5.)  Have at least a couple of 'Ta-Da's!' in your day.  This is a tip from Barbara Fredrickson.  Having a balanced time perspective is associated with greater wellbeing ... so we aim to be able to remember aspects of the past happily, savour the present too, and plan for & look forward to the future.  Suggestion 3.) above encourages savouring in the present and into the future.  Suggestion 4.) involves savouring into the immediate past.  This suggesion 5.) is both a future savouring exercise & a preparation/alert to savour in the present once the event is reached.  I often find I don't have to add anything extra to my To-Do list.  It's more about identifying certain activities that I can look forward to with some pleased anticipation.  I do pretty routinely keep a To-Do list, so I note the potential Ta-Da's! by putting an exclamation mark beside them on the To-Do list.  Sometimes I may also add an activity to give the day a bit of extra Ta-Da spice, but mostly the potential spice is already there ... it's just about taking a few extra moments to identify the activities and savour them ... in anticipation & in execution!  (2 minutes plus) 

6.)  A couple of times (or more) over this next week, experiment with the coming to our senses exercise.  And, if you would like other ideas for savouring, try out one or more suggestions from the blog post "Deepening our enjoyment & appreciation of life".  Again these suggestions are both about savouring into the future and preparing oneself to better savour in the present.  The coming to our senses exercise is potentially a particularly good one for practising losing our head & coming to our senses.  So the instruction is to take 10 minutes (or longer) when walking (or when travelling in other ways, for example running, on a bus, in a train, a passenger in a car, etc).  Quite deliberately start by bringing attention to what one can see by repeating silently "Observing ... " and completing the sentence with whatever one's eyes are noticing.  And again "Observing ... ", "Observing ... ".  Then the same process of deliberately paying attention to our senses, but this time it's "Hearing ... ", "Hearing ... ", "Hearing ... ".  Often I'll then return to "Observing ... " x 3 and then I move on to "Sensing ... ", "Sensing ... ", "Sensing ... " before moving back to "Observing ... " again and so on through the sequence.  By "Sensing ... " I mean noting the sensations of one's body ... especially on the interface between skin & outer world e.g. the breeze on my face, the feel of my trouser legs on my shins, the pressure on my feet from my weight and the ground underneath, and so on.  (20 minutes weekly or somewhat longer depending on available time & interest).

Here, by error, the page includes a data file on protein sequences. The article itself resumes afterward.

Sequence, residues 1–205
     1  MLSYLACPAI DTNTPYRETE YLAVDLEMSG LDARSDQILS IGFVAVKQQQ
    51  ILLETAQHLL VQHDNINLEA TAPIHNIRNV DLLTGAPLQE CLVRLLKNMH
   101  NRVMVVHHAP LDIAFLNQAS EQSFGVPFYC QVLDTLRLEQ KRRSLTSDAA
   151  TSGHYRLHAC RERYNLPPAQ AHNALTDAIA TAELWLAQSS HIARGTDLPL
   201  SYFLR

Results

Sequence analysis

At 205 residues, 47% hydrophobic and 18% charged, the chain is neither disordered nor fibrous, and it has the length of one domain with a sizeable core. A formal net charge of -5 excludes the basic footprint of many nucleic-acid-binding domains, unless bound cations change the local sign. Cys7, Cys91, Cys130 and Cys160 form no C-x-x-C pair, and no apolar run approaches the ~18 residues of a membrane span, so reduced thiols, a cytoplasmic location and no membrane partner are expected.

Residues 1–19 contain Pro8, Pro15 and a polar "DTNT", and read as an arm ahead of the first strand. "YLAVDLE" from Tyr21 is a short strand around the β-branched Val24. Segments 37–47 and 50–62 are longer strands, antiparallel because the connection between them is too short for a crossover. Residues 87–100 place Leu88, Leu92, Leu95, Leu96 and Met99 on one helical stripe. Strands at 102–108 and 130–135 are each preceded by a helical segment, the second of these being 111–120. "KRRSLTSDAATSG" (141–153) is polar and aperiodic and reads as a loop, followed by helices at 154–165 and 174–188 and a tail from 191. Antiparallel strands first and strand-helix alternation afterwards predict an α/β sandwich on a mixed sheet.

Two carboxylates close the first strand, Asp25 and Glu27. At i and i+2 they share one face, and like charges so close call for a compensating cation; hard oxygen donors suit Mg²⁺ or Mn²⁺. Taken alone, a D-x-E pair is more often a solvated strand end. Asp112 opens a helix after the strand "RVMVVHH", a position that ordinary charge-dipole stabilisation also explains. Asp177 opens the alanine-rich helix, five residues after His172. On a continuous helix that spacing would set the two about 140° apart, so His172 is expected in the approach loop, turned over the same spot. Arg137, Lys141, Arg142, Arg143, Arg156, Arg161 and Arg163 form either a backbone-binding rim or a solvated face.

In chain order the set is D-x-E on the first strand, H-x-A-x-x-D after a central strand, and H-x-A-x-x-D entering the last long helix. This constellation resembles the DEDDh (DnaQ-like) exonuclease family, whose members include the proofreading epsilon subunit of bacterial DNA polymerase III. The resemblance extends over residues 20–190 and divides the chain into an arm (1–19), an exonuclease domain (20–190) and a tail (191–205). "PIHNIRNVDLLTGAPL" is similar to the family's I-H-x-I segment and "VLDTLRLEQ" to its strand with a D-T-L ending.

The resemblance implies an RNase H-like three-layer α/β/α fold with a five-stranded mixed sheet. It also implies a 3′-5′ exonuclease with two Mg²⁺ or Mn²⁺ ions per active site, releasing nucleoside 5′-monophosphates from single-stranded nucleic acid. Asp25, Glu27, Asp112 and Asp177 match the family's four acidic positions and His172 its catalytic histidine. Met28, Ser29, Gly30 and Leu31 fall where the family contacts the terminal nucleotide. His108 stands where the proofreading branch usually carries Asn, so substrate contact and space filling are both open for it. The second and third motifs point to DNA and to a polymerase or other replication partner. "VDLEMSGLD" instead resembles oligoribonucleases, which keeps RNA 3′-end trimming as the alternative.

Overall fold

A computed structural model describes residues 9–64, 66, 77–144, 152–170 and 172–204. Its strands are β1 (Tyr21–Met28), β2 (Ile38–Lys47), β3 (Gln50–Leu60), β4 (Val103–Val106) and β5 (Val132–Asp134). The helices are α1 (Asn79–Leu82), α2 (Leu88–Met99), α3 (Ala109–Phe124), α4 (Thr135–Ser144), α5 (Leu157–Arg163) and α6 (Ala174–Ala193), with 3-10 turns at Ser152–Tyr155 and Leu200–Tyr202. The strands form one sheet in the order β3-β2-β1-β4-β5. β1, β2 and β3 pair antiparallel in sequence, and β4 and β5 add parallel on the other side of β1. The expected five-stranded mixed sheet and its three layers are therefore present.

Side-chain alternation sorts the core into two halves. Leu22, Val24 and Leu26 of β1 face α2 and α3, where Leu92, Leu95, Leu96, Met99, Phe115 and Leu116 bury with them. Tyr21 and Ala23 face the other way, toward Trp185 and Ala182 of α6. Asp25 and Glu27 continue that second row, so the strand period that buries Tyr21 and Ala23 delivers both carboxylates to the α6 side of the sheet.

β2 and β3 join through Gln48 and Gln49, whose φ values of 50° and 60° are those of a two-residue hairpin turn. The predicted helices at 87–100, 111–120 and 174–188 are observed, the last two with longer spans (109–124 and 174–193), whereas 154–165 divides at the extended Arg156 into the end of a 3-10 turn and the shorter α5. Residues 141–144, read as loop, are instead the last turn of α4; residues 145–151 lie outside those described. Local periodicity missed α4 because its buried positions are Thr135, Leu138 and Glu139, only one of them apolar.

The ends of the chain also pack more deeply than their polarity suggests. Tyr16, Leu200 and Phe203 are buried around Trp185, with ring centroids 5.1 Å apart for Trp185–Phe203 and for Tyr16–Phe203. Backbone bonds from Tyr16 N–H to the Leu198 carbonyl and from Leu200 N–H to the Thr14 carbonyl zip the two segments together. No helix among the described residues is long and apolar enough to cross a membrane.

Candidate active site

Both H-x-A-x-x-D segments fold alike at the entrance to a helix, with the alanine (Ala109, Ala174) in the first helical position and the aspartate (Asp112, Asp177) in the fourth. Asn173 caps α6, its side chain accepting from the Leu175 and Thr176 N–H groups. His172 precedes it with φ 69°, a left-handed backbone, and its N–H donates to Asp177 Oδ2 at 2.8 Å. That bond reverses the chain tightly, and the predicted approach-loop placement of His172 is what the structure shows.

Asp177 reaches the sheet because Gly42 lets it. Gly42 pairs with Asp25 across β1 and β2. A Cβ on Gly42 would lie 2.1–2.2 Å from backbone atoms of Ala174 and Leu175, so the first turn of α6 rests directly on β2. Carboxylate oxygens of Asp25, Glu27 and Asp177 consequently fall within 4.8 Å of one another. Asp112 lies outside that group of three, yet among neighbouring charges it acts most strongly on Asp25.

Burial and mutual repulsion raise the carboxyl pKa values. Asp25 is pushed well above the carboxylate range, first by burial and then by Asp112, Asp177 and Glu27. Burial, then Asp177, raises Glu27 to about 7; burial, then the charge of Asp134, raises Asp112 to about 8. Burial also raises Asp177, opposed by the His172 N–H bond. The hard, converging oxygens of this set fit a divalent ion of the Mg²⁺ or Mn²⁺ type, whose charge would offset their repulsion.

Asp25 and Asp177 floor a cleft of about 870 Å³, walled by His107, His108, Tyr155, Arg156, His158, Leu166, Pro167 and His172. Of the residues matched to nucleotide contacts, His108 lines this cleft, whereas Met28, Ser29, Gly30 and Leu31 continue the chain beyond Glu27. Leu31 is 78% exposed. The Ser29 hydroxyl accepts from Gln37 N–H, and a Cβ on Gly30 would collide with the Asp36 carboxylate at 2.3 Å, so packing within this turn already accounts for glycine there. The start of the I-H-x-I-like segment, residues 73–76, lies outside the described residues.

7.)  If you found it helpful carrying a quotation before (about heart or spine), try it again for savouring & appreciation.  Here's a list of savouring-relevant quotations you can choose from ... or use an alternative quote that you select.  Again carry it with you all week.  Learn it.  Feel it.  (a minute a day?)

These seven home practices, if done well, take up about 30 to 40 minutes each day.  If you find it helpful to keep track of these practices ... and this is often useful for maintenace & learning ... here is another downloadable four week practice record.  For home practice suggestions for the sixth week, click here.